Water is refreshing, rejuvenating, and soothing for the soul. There really is no better way to spend your August long weekend.

If you’re in Alberta, Saskatchewan, or Manitoba take a look at these top beach destinations and choose a spot to spent time by the water this weekend. Be sure to check out Swim Guide as well for more locations near you.

For additional reading and inspiration, take a look at Swim Guide’s Spend this August long weekend on your local waters article.

Catch this: Fishing in Edmonton better than you may think

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This blog will be all about fishing on the North Saskatchewan River in Edmonton. I’m not an avid fisherman myself but do enjoy the occasional cast and reel. I never really realized the potential that the river has in the city when it comes to fishing. I thought it wasn’t a thing or that nothing substantial could be caught, but my perspective on this issue has changed. There are definitely opportunities to catch fish right in Edmonton.

Fish species vary on different spots along the North Sask. In the upper parts of the river the water is much colder than the water here in Edmonton. Upstream the river is home to more cold water fish, in Edmonton the water is more suited for cool water fish. This doesn’t mean you won’t find cold water fish here, you’re just more likely to find species that favour cool water.

The river around Edmonton is home to Walleye, Burbot, Northern Pike, Mountain Whitefish, Sauger, and Lake Sturgeon. Walleye seem to be one of the most regularly caught along with Sauger. Fish can be found really anywhere on the river, but creek mouths, stormwater outfalls, bridges, and river bends are popular hangout spots for these swim goers. These spots provide deeper slow moving water, shelter and food for the fish. This makes them a good place to cast a line.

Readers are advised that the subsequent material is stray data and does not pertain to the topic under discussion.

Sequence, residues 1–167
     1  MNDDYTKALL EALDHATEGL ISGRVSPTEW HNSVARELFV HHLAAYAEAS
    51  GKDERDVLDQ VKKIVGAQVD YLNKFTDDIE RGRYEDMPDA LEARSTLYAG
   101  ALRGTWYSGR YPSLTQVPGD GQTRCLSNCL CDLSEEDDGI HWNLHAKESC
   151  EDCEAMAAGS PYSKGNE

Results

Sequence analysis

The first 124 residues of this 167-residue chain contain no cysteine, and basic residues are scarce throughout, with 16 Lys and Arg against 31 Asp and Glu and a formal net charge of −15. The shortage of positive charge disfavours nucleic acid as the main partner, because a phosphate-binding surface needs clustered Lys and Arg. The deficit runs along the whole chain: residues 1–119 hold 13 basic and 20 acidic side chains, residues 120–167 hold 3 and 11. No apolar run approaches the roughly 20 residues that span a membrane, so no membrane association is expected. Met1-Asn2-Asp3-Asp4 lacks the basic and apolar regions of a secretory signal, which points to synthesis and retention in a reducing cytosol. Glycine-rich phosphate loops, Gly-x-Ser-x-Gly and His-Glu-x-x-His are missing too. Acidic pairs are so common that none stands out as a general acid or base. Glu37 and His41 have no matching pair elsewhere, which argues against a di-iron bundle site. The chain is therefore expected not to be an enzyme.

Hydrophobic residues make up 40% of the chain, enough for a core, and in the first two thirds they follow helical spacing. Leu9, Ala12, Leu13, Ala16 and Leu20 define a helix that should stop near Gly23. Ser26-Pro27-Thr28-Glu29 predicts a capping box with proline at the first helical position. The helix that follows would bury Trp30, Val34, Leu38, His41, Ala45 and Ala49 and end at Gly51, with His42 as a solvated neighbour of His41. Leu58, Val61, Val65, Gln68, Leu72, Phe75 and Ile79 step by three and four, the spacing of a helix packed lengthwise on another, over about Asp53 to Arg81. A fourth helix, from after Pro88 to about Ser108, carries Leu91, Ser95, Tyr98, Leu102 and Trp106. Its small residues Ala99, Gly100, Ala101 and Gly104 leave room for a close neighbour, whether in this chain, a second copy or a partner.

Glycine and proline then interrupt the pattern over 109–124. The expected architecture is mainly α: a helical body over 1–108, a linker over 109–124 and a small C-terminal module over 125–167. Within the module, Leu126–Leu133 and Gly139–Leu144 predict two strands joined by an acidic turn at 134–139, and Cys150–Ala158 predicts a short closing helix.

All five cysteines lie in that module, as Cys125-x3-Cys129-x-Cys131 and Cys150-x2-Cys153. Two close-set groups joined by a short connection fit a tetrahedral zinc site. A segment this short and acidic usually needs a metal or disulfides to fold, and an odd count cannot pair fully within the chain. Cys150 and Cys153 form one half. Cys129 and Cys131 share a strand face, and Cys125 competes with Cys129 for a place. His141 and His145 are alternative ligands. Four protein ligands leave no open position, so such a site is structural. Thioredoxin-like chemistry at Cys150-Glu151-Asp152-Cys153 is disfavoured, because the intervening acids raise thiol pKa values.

Walleye – Photo taken by OakleyOriginals, Attribution 2.0 Generic

When it comes to keeping fish, there are regulations depending on species and size which are subject to change. You can visit Alberta fishing guide for more details on current regulations. The City of Edmonton recommends eating fish caught from the river only once a week. Pregnant women and children under 15 years of age should hold off eating fish caught from the river altogether. This is due to mercury that may be in the fish, likely from natural sources.

EPCOR states that river water quality in Edmonton has improved significantly over the past 60 years due to better treatment of wastewater which has had a positive impact on fish population and health. People are starting to see that the river isn’t just some dirty lifeless slew and instead that it’s clean and full of all sorts of life and opportunity.